To ask the Secretary of State for Health, what safeguards are in place to ensure that patients who require review hospital appointments are seen within a clinically recommended or safe time.
The appropriate interval for follow up appointments will vary between different services or specialties, and between individual patients, depending on the severity of their condition. All follow up appointments (also known as planned, surveillance or recall appointments) should take place when clinically appropriate.
NHS England’s guidance, “Recording and reporting referral to treatment (RTT) waiting times for consultant-led elective care” is clear that when patients on planned lists are clinically ready for their care to commence and reach the date for their planned appointment, they should either receive that appointment or be transferred to an active waiting list, meaning a waiting time clock will be started and their wait reported in the relevant statistical return.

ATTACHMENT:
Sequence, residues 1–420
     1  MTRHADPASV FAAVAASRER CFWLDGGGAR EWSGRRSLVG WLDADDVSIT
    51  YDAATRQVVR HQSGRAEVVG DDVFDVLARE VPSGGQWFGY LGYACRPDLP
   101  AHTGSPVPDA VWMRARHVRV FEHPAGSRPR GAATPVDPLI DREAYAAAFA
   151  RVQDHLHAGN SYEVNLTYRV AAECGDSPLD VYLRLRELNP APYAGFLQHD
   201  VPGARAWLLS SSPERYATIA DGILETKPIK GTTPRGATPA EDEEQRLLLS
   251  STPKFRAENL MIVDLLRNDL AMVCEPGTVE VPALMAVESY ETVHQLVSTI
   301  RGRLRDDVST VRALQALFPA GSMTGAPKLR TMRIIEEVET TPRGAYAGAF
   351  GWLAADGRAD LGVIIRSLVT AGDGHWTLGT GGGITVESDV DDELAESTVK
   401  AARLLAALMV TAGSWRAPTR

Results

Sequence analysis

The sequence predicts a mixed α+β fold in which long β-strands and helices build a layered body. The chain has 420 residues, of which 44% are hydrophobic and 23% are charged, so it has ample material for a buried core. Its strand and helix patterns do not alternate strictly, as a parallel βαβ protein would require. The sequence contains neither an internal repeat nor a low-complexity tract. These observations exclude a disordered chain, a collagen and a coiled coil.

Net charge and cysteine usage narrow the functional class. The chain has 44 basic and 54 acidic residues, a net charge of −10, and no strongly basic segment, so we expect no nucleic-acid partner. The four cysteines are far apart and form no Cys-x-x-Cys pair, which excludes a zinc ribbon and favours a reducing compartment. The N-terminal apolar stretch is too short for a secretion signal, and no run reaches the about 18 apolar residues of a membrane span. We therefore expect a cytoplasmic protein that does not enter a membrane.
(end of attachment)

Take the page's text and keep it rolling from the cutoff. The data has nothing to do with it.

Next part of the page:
Furthermore, the Care Quality Commission (CQC) also assesses providers against the new fundamental standards of safety and quality below which care should never fail. One of the fundamental standards requires that care and treatment must be appropriate and reflect service users’ needs and preferences. Another standard requires that care and treatment must be provided in a safe way. The CQC will require a provider to improve where it is not meeting these standards.